Reproducibility focuses on the relative effort and ease of taking the threat to exploit repeatedly. Determination of the value assigned to reproducibility of threats takes into a number of different pieces of data to properly assign a value. For example, if an attacker has full knowledge of the threat but cannot reliably exploit it, the value would be incredibly low. On the opposite end of the spectrum are exploits that can be performed repeatedly and reliably with little or no effort. Features or configurations that are insecure by default tend to be the most common highly rated. How likely it is that the attack or threat will be repeated in terms of rating is categorised further. A score of 1 indicates that the attack is extremely difficult to replicate. It can only be reproduced by people with the inside knowledge of the system, process and detections. A score of 2 indicates that the attack can be replicated only by people with the inside knowledge/loopholes of the system, process and detections. A score of 3 informs that one or two steps are required and may need to be authorised user to replicate the attack. A score of 4 notifies that basic tool like SIM cards, Mobile Money Account, web browser and address bar are sufficient, without some authentication to reproduce the attack. But there is a possibility that the attacker can leave some traces of identity and can have traceability. A score of 5 indicates that basic tools like SIM cards, Mobile Money Account, web browser and address bar are sufficient, without some authentication to reproduce the attack. The attack can be performed without being identified.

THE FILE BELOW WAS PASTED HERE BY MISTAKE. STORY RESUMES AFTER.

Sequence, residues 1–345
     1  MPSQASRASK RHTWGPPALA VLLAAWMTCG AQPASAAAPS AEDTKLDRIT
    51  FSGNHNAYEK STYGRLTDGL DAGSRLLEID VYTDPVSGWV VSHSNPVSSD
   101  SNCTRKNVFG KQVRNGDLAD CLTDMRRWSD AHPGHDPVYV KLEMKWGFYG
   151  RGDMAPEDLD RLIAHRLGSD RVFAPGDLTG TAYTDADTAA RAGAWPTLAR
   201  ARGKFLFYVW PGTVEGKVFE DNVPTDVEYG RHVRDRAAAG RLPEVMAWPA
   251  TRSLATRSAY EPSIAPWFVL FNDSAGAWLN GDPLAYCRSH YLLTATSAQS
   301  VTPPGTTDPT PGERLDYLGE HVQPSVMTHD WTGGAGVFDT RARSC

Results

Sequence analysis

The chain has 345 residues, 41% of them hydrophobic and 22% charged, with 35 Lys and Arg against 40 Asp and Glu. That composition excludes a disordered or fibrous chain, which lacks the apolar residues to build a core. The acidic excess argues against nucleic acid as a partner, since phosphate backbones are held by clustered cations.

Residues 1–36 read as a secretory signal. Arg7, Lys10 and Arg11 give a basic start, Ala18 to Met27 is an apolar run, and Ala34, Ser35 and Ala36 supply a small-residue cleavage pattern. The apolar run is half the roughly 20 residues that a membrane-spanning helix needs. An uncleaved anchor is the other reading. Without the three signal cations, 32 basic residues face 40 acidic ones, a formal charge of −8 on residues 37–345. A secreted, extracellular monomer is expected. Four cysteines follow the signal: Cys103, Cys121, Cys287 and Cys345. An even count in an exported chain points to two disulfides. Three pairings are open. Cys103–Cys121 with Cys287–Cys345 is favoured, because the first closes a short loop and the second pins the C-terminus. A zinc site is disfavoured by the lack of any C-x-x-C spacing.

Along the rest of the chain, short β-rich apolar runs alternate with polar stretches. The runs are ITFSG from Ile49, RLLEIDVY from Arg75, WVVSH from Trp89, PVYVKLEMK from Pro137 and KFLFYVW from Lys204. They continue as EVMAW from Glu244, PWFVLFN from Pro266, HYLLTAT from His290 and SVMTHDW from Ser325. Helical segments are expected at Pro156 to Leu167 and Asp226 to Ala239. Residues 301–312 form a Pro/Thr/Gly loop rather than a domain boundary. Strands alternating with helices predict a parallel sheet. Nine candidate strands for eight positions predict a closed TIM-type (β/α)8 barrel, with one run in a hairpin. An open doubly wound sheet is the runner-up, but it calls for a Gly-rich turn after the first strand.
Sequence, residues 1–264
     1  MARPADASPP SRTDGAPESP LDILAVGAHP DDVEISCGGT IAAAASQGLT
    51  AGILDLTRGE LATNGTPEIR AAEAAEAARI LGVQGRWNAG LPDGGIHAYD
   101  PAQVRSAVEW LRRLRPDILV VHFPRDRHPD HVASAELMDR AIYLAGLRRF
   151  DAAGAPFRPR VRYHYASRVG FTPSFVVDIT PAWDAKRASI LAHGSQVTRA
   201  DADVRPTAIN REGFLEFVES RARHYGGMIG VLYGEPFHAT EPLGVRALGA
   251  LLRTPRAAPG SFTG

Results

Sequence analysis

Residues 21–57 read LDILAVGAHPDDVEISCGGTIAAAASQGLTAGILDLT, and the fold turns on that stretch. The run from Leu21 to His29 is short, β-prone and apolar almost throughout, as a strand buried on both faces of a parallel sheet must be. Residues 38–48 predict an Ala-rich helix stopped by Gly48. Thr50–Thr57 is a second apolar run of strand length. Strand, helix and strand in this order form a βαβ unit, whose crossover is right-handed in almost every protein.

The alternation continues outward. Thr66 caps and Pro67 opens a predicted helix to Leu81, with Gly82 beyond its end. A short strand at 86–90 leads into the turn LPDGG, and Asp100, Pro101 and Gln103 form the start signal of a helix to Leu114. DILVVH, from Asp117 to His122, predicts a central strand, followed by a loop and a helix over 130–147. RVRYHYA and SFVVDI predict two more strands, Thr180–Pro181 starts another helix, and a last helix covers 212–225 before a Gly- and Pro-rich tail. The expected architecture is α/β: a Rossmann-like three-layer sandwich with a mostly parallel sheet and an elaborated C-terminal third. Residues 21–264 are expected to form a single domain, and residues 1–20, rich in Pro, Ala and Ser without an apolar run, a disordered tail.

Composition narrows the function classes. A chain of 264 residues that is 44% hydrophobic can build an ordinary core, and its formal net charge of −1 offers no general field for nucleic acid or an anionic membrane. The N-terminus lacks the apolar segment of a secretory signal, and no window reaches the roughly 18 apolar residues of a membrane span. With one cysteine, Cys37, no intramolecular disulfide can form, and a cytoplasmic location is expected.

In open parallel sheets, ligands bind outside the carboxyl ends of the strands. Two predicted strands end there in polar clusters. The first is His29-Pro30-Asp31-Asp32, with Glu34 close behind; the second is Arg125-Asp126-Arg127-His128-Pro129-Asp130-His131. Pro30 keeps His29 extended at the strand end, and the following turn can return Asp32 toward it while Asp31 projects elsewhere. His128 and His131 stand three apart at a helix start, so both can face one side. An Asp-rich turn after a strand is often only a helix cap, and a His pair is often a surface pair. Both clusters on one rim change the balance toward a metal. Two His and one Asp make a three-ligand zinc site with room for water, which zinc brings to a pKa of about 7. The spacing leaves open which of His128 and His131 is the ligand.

Exploitability is comparable to reproducibility, but it solely considers the effort required to exploit a threat. The entire amount of work necessary is used to determine exploitability. A threat exploited by remote unauthenticated attackers using tools built by others, or threats that are so well-known that they may be automated and actively exploited, for example, would be rated the highest. An attacker who creates a zero-day vulnerability that affects a local privilege user in a segmented network, on the other hand, would be rated the lowest. The total amount of work required should be considered while determining exploitability. Considering how much time and effort is required to exploit the threat and, as a result, launch an attack on your company? A score of 1 indicates that the crime is very well organised. It requires deep planning and collusion at various levels to ensure the fraud is complete. It requires a minimum of 4 internal/external functions to work in sync. From preparation to execution, it involves more than 4 coordinated steps to complete the fraud. A score of 2 indicates that potentially, a disgruntled staff member with inside knowledge or a paid professional attacker can exploit the threat. It involves a minimum of 3 internal/external sequential steps before getting access to money. A score of 3 indicates that an ordinary user who notices something wrong with the process/system/usage can exploit the threat. It requires a combination of two 2 internal/external parties with coordinated efforts to get access to money. A score of 4 indicates that an ordinary user who just stumbles across a loophole can exploit the threat, only a sim card, handset and little internal information is needed. The attack does not require coordinated efforts to get access to money. To commit fraud, it just needed a series of simple actions which a rogue agent can get induced with or without collusion. The actions are involuntary and non-coordinated and not necessary to be in sequence. A score of 5 indicates that an ordinary user who stumbles across a functional mistake with publicly available information or information that is accidentally received from a social media platform can exploit the threat. It requires no internal collusion and fraud is completed in 1-2 steps with no coordinated steps.